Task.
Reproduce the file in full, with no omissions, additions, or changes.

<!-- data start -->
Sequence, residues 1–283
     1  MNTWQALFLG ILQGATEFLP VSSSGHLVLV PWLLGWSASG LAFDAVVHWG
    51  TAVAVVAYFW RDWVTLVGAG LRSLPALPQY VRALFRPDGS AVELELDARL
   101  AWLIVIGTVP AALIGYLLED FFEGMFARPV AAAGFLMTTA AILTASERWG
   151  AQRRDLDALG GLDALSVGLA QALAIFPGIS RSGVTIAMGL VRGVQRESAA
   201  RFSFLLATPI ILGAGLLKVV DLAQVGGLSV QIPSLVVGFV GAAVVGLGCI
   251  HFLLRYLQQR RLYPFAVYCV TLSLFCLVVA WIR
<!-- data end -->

Sequence, residues 1–283
     1  MNTWQALFLG ILQGATEFLP VSSSGHLVLV PWLLGWSASG LAFDAVVHWG
    51  TAVAVVAYFW RDWVTLVGAG LRSLPALPQY VRALFRPDGS AVELELDARL
   101  AWLIVIGTVP AALIGYLLED FFEGMFARPV AAAGFLMTTA AILTASERWG
   151  AQRRDLDALG GLDALSVGLA QALAIFPGIS RSGVTIAMGL VRGVQRESAA
   201  RFSFLLATPI ILGAGLLKVV DLAQVGGLSV QIPSLVVGFV GAAVVGLGCI
   251  HFLLRYLQQR RLYPFAVYCV TLSLFCLVVA WIR